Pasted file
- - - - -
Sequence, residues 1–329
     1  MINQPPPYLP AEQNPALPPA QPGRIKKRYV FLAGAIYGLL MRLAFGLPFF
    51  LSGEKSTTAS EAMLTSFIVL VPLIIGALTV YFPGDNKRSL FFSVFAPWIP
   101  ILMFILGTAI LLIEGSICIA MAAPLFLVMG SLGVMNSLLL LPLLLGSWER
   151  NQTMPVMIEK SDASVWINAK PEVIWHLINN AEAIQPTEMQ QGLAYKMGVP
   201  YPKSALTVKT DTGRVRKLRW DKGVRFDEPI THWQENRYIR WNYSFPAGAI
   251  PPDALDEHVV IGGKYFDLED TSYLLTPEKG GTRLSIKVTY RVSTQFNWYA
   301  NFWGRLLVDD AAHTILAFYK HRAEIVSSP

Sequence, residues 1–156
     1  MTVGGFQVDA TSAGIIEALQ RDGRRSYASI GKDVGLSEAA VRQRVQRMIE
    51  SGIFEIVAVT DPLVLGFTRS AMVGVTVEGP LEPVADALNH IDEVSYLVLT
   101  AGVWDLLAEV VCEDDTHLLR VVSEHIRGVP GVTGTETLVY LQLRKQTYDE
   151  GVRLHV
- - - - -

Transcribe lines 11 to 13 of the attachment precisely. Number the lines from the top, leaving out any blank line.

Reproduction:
    51  SGIFEIVAVT DPLVLGFTRS AMVGVTVEGP LEPVADALNH IDEVSYLVLT
   101  AGVWDLLAEV VCEDDTHLLR VVSEHIRGVP GVTGTETLVY LQLRKQTYDE
   151  GVRLHV